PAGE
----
You may occasionally need to work with a drawing that another architect, surveyor or landscape designer has developed. A example is shown in the figure below.
A design such as this is most likely to be delivered to you in AutoCAD dwg format. Not all drafters who produce CAD drawings in AutoCAD work in a tidy manner and as a first step, it is a good idea to check and tidy up the dwg file before beginning to work on it.
As a first step, open the drawing (in dwg format) and use the "Check AutoCAD drawing" option on the Tools drop down menu.
If the drawing is not capable of saving in dwg, you will receive the warning shown below.
Ignoring a message such as this can result in problems. Although you may be able to save the file in lcd format and work on it, it will not be possible to subsequently save a dwg copy of your work. The figure below shows that the AutoCAD symbol table is corrupt. Almost certainly, the error was present in the original dwg file.
Check list 1
When communicating with designers who send you dwg files:
1. Ask the designer to use the PURGE command in the AutoCAD environment before sending it to you. This command removes any unwanted blocks, layers, linetypes, text styles etc. It also dramatically reduces file size.
2. If the designer uses a CAD standard, ask for a copy. AutoCAD drafters vary in their use of text styles, colors, layers and linetypes. If they use a special linetype file or Windows fonts, ask for a copy.
3. Ask your supplier to make sure that they have used the AutoCAD's AUDIT command before sending on the drawing file. We have had instances where gCAD+ objects to a corrupt dwg file and gCAD+ gets the blame. Running the AUDIT command in AutoCAD and using the audited copy in gCAD+ fixed the problem. The AUDIT command can be run from the command area by typing audit and hitting the RETURN key. This ensures that the dwg file is in tip top condition before it comes to you.
Check list 2
Here is a check list for dealing with dwg [AutoCAD] drawings once you have obtained a clean copy from the designer.
1. Always work on a copy of the file.
Keep the incoming CAD base drawing as delivered to you in its unaltered state; work on a copy.
If your supplier has used any non standard windows or CAD fonts, ask them to send a copy with the dwg file.
2. Check drawing layers.
Use the layer icon and turn on all layers. In the figure below, you can see that many layers were turned off in the drawing as it was delivered. It is easy to miss important information on a layer that has been turned off, so turn them all on.
Although in the figure above, we have selected the "All used layers" link as turned on all layers, it is much better to highlight the "All" option and use the Visibility on option. In this example, this revealed many more layers that were part of the drawing but did not have anything on them - those layers contained no entities.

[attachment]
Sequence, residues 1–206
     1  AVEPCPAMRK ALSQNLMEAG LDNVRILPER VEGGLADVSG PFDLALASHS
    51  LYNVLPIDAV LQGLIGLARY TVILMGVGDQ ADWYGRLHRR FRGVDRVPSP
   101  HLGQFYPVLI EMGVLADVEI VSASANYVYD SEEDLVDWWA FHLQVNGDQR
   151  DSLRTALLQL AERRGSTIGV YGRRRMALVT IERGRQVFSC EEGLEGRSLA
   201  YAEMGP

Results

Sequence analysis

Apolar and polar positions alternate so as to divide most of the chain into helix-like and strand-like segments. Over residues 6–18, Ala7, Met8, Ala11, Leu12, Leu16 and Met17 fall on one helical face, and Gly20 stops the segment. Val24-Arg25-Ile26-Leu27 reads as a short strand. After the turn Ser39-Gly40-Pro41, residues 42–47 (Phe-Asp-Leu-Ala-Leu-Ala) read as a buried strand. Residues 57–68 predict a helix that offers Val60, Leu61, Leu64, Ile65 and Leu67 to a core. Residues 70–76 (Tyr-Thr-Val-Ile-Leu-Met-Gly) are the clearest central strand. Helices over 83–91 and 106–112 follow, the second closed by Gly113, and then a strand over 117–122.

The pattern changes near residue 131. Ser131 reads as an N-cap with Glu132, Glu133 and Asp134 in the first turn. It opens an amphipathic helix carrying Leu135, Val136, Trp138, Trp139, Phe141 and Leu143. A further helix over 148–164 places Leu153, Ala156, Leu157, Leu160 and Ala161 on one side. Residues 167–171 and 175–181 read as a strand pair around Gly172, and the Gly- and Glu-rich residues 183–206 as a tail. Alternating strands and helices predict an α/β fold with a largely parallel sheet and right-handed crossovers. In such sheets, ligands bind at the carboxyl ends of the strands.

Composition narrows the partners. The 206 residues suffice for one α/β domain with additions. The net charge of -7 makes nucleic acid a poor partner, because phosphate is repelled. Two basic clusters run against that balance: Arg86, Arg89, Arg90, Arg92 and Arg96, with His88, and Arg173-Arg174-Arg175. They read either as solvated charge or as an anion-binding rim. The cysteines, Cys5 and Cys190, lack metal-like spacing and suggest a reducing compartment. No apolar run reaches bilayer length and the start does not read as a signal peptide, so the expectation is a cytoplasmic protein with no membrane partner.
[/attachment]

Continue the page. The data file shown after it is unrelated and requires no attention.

Here is a different drawing showing the huge number of empty layers in the drawing.
Remove those layers not containing entities.
Here is a movie showing how to show and remove layers not containing entities. Removing these empty layers can have a marked effect on file size. The figure below shows that there were 175 empty layers in this example!!
Save the file (as a dwg file) as this point, perhaps adding the phrase pass1 to the file name - e.g. the drawing might be called "IncomingDesignPass1.dwg". In this particular example, the dwg file size dropped from 893k to 333k - a huge reduction in file size.
Next, turn on all layers containing entities.
Right click on the "Layers with entities" option and turn visibility on. As shown below, turning on all layers is likely to reveal a considerable amount of additional information. We see lots of overlapping text entities in the legends to the right. These legends are best moved to their own location such that there is no overlap. That is best done once a check has been made that each entity in the drawing is on its appropriate layer (see below).
Make a small list of remaining layers and check the contents of each, making notes about the content of each as you go. Here is the table from this particular example:
Vivavces (perennials) [The designer has created a separate layer for perennials - layer when we use the Layer States Manager, that layer will be combined with other layers in a group perhaps called planting]